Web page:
Cushioneer shock absorbers, from Deschner Corp., Santa Ana, Calif., use a rolling diaphragm seal that makes the units leak free and allows the plunger rod to operate without friction. The diaphragm seal is attached to the shock’s plunger rod and inner body wall to eliminate any leakage path between them.
The high-pressure cylinder used in the shocks is hardened and honed to a mirror finish and individually mated to its piston within a nominal clearance of 0.0005 in. This metal-to-metal fit eliminates the need for a sliding piston seal.
The plunger rod extends instantaneously due to the internal fluid pressure and the absence of any sliding seals, which otherwise create fictional drag. The main function of the spring is to keep the fluid pressurized so the diaphragm seal remains expanded, so it can roll back and forth smoothly. The internal fluid pressure provides the plunger rod extension force. Large, non-convoluted, return flow paths in conjunction with the free flowing balance poppet and check valve assure a rapid plunger rod return.
Adjustable or self-adjusting
The adjustable Cushioneer has up to 25 variably spaced and sized ports drilled into the high-pressure cylinder. When the moving load impacts the plunger rod, the fluid ahead of the piston can escape through all the ports. As the plunger rod travels down the cylinder, the piston blocks successive ports, which increases the resistance and brings the load to a smooth stop.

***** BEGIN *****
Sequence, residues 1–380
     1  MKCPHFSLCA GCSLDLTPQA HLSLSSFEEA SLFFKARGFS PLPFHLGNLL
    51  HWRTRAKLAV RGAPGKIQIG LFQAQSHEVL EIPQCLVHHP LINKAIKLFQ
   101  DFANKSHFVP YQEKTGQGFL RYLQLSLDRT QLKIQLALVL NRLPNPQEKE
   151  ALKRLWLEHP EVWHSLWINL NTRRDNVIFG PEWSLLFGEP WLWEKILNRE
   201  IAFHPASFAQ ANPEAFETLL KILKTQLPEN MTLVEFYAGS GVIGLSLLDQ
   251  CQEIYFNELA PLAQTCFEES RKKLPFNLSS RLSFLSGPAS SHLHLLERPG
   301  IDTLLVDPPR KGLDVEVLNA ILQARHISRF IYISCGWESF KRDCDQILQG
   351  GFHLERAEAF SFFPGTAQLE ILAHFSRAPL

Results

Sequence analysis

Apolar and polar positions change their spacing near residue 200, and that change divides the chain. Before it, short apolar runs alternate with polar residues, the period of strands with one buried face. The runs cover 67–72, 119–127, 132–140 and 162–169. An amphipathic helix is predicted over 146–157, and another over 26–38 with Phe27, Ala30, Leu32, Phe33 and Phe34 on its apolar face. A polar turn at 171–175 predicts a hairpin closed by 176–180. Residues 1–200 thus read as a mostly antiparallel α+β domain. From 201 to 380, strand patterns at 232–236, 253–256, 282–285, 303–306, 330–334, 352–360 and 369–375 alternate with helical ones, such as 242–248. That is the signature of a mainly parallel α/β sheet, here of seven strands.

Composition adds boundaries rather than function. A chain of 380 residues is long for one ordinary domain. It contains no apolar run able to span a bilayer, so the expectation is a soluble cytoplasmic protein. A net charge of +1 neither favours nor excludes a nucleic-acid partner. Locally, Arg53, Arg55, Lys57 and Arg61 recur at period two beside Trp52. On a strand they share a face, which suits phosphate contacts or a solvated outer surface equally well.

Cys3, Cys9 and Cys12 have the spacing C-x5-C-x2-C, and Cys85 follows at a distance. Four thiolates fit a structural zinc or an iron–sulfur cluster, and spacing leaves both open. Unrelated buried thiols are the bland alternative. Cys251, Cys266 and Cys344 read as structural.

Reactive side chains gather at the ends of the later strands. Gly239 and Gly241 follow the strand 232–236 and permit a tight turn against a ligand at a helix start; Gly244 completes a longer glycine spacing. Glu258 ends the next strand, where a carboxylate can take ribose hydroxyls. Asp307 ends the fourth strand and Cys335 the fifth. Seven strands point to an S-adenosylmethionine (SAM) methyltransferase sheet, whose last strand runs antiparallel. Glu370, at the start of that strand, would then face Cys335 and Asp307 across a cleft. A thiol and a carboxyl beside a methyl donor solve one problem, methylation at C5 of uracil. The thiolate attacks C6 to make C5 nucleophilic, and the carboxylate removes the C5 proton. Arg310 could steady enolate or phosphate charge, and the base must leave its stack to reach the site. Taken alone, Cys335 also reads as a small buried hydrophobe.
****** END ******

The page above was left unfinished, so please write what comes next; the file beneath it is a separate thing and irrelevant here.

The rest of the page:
The cylinder is assembled in the lower end of the body.When adjusting the Cushioneer, the cylinder is rotated within the body so that the ports are either closer to the wall (restricting the fluid flow and increasing the plunger rod resistance) or farther away from the wall (allowing freer fluid flow and less plunger rod resistance). This adjustment design alters the flow restriction at all escape ports according to the effect each port has on the decelerating action. The result is a smooth rate of deceleration at any setting.
The self-adjusting Cushioneer incorporates all the same features as the adjustable Cushioneer except the high-pressure cylinder in the self-adjusting model contains a pattern of grooves which the fluid bypasses the advancing piston. The grooves are distributed over the length of the cylinder in a way that reduces the available bypass area as the piston travels farther. The grooves are designed to maintain a constant flow rate under wide variations in impact energy and the changes in fluid pressure. This allows the unit to automatically adjust to a wide range of impact loads and still provide a smooth stopping action. The self-adjusting Cushioneer is intended for use in applications where the impact load fluctuates but a precise stopping point is required.
For more information, visit www.deschner.com.